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Sri Lanka Business confidence raises hopes for better times

Business Confidence in Sri Lanka is expected to be 125.00 points by the end of this quarter, according to Trading Economics global macro models and analysts.

It has increased to 35 points in the third quarter of 2022 from 28 points in the second quarter of 2022, Central Bank data confirmed.

In Sri Lanka, the Business Condition Index measures entrepreneurs’ sentiment about current business situation and expectation about business conditions.

It includes Profitability, Skilled Labour Availability, Demand, Sales and Capacity Utilization. A value over 100 means business sentiment has improved and under 100 means business sentiment has worsened. The value 100 indicates neutrality.

A rise one more in the exclusive business barometer raises hope of better times,” said business magazine LMD, in its latest edition.

LMD continued: “The implications of Budget 2023 will occupy the minds of corporates as the new tax rates and policies kick in. But there’s been a sense of optimism in recent times, even as people acknowledge and realize that difficult times lie ahead for everyone, if the national economy is to recover and stabilize.”

“It is a relief to note that once again, the LMD-NielsenIQ Business Confidence Index (BCI) has climbed another nine basis points – from 89 in October to 98 a month later,” it added.

NielsenIQ’s Director – Consumer Insights Therica Miyanadeniya explained that: “as we approach the end of 2022, which was a turbulent year, expectations of better things to come in 2023 are high on the radar.”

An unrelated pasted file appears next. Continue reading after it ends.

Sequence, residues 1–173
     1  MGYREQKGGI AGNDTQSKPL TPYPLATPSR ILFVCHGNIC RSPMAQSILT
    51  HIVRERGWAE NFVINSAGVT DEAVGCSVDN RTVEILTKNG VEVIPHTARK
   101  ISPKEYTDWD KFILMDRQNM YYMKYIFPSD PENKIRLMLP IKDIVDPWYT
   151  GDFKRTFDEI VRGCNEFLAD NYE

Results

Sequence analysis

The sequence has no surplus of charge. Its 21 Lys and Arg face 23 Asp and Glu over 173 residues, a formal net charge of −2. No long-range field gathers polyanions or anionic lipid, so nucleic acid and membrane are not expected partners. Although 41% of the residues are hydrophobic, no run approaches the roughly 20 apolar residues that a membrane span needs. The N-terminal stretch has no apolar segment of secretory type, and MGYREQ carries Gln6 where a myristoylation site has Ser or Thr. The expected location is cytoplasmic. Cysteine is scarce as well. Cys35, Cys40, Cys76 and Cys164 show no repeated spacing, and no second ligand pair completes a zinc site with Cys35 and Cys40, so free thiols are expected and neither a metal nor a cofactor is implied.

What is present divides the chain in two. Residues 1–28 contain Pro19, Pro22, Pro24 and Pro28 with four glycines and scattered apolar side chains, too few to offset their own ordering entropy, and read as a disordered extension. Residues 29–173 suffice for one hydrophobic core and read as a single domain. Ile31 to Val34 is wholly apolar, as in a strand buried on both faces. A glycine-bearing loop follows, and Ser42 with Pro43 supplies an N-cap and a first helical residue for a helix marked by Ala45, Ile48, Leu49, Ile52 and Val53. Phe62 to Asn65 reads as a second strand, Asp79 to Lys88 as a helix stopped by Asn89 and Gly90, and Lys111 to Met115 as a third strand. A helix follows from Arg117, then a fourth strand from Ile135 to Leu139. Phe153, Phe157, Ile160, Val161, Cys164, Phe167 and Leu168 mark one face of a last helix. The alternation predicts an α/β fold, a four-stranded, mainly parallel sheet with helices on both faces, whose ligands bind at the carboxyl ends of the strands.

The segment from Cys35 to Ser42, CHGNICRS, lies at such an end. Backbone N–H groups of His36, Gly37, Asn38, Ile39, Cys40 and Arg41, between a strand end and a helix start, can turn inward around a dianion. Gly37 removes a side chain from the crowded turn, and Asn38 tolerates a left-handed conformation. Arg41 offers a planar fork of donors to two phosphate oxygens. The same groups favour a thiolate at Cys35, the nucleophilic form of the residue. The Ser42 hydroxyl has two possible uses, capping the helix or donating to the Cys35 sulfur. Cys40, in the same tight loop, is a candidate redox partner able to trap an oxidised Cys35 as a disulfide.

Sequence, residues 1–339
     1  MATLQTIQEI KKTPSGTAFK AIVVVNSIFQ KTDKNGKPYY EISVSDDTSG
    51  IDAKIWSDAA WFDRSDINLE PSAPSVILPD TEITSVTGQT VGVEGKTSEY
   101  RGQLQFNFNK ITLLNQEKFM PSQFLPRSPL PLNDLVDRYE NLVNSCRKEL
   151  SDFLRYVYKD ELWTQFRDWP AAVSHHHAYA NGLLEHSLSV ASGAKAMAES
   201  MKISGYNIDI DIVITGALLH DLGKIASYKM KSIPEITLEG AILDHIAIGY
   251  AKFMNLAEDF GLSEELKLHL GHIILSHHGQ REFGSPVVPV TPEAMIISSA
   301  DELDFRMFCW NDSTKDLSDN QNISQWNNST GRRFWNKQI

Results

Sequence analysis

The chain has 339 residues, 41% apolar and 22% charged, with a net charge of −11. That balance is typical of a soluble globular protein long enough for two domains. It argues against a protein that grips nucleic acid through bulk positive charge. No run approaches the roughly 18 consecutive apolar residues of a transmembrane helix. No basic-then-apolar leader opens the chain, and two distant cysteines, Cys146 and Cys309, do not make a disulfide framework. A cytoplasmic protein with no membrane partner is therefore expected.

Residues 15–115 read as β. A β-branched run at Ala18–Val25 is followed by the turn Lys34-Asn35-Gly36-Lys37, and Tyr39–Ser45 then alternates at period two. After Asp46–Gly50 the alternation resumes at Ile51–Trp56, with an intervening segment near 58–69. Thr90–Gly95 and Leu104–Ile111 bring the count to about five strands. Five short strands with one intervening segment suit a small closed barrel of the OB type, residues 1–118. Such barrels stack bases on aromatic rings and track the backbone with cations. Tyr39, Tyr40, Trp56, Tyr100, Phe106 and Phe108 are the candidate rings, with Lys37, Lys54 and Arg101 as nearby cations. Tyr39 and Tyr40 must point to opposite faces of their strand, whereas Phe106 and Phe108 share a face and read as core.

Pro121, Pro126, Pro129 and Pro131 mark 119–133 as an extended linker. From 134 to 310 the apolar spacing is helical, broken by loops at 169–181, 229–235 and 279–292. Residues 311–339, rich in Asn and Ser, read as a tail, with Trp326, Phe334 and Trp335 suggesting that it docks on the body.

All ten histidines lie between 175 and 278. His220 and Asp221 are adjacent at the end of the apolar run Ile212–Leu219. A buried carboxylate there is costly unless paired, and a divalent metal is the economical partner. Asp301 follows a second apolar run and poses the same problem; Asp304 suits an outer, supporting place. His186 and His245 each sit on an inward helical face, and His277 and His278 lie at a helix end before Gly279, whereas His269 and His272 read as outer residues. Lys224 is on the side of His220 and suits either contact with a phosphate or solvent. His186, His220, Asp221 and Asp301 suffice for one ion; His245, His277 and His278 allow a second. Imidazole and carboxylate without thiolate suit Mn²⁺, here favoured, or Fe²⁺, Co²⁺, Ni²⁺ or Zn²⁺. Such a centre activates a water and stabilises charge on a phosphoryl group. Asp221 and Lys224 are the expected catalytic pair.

LMD noted: “The barometer of business sentiment is now only 11 basis points shy of where it stood a year ago (109) and it is hoped the new year will see this cautious optimism intact. That said, the index is still well below March’s 132, the highest so far this year despite the advent of fuel shortages, power outages and the rupee’s demise.”

A spokesperson for LMD further stated that: “The jury is out on the pros and cons of Budget 2023, and we will know the verdict when next month’s survey gets underway in December – and we report on its results in the January edition of LMD.”

“And there are external risks such as the war in Ukraine and the prospect of a world recession in particular. Internally, the outcome of ongoing debt restructuring talks, coupled with renewed calls for an election by opposition forces, could lead to political instability in the new year,” she added.

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